The Reliquary Shrine of Saint Ursula (1489)

In comparison with the metal-encased Our Lady Shrine, this one features painted panels, which testifies to changes in monetary thought. Whereas the community of Tournai had reserved its best metal for the shrine, the Bruges bourgeoisie of the late 15th century believed that metal was meant to circulate and multiply, not be wasted on a shrine.

The Saint Ursula Shrine is no less beautiful. The bow-arched panels recount the legend of Saint Ursula; endeavoring to preserve her virginity, she tricked her betrothed into letting her go on the medieval version of a European road trip before being slaughtered, along with 11,000 virgins, by the Huns in Cologne. You can follow the sequence of events in the Hans Memling Museum in Bruges.

Landscape with the Fall of Icarus (1560s)

According to Ovid’s version of the Icarus, Daedalus ‘altered the natural order of things’ by inventing makeshift wings out of reeds and beeswax so that he and his son Icarus could escape from King Minos’s labyrinth. As Icarus and Daedalus whiz by, an angler, a ploughman, and a shepherd stare at them in awe and disbelief ‘believing them to be gods able to travel the sky.’ Sure enough, Icarus ‘drawn by desire for the heavens’ approaches too closely to the sun, causing the wax to melt and Icarus to plummet to his death.

In this painting. the workers have already returned to their toil, paying no further heed to Icarus, as he flails in the water following his fateful flight. The composition itself — a central X and an inverted V — reinforces this theme since Icarus falls outside of both zones. The beholder’s eye is first drawn to the largest central form in the painting, the ploughman, then to the shepherd, and thereupon to the mast of the vessel. Running perpendicular to this line, forming the second line of the X is the landmass. As for the inverted V, the line goes from the laborer to the sun in the horizon back to the aforementioned vessel. Left out of the main composition elements, Icarus proves almost as difficult to find as Waldo of ‘Where’s Waldo?’ fame.

The message: Icarus’s existence represents a blip in the lives of workers who have to toil day in and day out to ensure their survival.

This work can be visited in the Musée Oldmasters Museum in Brussels.

The Descent from the Cross (1614)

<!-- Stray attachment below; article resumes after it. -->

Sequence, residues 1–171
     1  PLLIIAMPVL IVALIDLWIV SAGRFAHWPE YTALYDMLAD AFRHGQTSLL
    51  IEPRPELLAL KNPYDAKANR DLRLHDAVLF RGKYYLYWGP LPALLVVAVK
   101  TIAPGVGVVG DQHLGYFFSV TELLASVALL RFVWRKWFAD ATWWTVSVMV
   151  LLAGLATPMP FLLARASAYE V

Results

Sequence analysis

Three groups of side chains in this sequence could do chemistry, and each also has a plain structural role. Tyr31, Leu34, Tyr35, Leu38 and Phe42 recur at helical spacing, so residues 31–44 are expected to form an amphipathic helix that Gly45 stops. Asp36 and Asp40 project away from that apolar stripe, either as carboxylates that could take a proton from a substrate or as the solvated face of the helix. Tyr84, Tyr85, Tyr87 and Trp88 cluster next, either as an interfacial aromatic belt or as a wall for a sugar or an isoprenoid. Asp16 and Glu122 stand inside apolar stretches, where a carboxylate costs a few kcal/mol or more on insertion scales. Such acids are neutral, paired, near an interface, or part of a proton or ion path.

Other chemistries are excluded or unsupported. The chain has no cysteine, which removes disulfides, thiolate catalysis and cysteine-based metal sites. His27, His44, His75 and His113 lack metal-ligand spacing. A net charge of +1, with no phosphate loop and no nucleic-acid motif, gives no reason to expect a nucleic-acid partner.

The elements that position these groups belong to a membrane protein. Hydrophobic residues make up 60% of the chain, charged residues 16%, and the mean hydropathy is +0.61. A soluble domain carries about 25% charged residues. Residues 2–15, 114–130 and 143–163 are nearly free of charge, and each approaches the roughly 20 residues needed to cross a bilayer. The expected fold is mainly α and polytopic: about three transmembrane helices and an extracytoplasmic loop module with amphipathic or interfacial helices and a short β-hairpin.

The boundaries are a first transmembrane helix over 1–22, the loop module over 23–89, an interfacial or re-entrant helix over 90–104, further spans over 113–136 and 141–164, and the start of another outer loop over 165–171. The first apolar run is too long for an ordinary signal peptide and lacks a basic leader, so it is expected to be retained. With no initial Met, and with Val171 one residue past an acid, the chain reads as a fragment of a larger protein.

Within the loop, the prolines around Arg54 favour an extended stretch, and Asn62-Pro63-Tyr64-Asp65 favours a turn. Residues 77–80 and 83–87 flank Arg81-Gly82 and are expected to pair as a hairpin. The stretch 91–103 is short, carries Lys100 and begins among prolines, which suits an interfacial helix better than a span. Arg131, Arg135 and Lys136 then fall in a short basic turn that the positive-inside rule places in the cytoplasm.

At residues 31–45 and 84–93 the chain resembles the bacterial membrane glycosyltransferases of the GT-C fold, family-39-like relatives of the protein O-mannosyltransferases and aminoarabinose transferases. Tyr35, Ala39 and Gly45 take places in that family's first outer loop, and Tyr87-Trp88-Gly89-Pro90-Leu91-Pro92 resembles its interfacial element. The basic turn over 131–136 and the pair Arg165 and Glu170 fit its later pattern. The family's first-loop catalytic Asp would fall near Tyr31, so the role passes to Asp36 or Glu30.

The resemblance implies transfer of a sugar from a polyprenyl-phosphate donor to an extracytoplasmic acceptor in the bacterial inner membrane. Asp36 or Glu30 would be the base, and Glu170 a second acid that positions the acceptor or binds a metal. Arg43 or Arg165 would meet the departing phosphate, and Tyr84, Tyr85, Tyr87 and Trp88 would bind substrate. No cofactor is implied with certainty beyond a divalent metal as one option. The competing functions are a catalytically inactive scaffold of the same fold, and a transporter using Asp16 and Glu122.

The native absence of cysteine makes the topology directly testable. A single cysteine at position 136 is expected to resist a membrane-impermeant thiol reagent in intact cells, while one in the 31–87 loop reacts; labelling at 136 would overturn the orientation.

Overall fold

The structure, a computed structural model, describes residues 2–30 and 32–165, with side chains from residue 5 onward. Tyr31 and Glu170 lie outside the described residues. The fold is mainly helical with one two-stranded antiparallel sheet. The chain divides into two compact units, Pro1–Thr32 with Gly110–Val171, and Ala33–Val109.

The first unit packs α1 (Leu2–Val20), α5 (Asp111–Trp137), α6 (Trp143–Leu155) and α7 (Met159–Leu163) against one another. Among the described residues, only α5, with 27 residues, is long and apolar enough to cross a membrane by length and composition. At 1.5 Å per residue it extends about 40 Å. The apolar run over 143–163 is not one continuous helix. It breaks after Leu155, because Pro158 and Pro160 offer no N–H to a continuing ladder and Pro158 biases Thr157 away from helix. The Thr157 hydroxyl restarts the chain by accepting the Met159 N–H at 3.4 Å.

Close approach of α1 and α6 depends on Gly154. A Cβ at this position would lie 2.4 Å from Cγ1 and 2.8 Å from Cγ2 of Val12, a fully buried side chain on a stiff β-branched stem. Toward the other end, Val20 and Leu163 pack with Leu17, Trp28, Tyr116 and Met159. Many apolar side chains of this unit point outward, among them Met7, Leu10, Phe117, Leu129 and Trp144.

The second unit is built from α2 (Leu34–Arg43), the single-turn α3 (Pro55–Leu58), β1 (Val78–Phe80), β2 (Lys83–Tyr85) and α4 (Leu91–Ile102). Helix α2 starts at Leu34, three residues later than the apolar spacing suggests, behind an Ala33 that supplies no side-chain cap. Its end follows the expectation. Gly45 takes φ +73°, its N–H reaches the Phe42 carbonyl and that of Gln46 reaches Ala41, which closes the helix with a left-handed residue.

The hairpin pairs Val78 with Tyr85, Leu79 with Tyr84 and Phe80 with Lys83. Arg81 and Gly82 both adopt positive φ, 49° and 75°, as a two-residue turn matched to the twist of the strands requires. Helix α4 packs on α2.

Whereas the subject of this work has been, no pun intended, done to death, this painting surprises through its sheer size (13.8 feet x 10.8 feet, 420.5 centimeters × 320 centimeters). No photo, therefore, does justice to its ability to dwarf the viewer, to overtake one’s peripheral vision. Alongside its gargantuan size, other hallmarks of the Baroque period are present: twisting and turning forms to communicate tension, Jesus and his crowd of followers arranged in a diagonal line to create compositional dynamism, and the stark contrast of light and dark shades (known as chiaroscuro) to give a sense of three-dimensionality. If you want to get an authentic Baroque experience, visit the Cathedral of Our Lady in Antwerp.

The Baptismal Font of Saint Bartholomew’s (early 12th century)

Our last wonder of Belgium takes us back to the Collegiate Church of Saint Bartholomew in Liège, where the exquisite Baptismal Font of Liège is on full display. Often cited as a stellar example, if not the culmination, of Mosan art, it may have been, in fact, produced elsewhere than in an atelier alongside the river Meuse.

Whatever its provenance, the font’s programmatic five-scene ‘mini-comic’ on baptism delights the viewer. The first two panels show John the Baptist preaching and baptizing early converts with all characters represented in profile, presaging the baptism of Jesus who, alongside the Father and the Holy Ghost, stares directly at the beholder in the third panel, before cutting back to a side view of two later baptisms: that of the philosopher Craton as well as of Cornelius the Centurion, representing baptism’s power over the spiritual and the profane, respectively. As with many of the other wonders on this list, it is safe to say that this baptismal font is a powerhouse of art and history, too often overlooked by the general public.

There they are, the Seven Wonders of Belgium. Conspicuously, all are portable objects requiring a nominal museum or church entry fee; after all, the CGT does want to make a buck off of tourists. This governmental organization has also been accused of having been too ‘politically correct,’ identifying three objects in each of the two large regions, Wallonia and Flanders, and one in Brussels. Nonetheless, not visiting the Seven Wonders of Belgium would mean missing out on the very best of early Belgian art.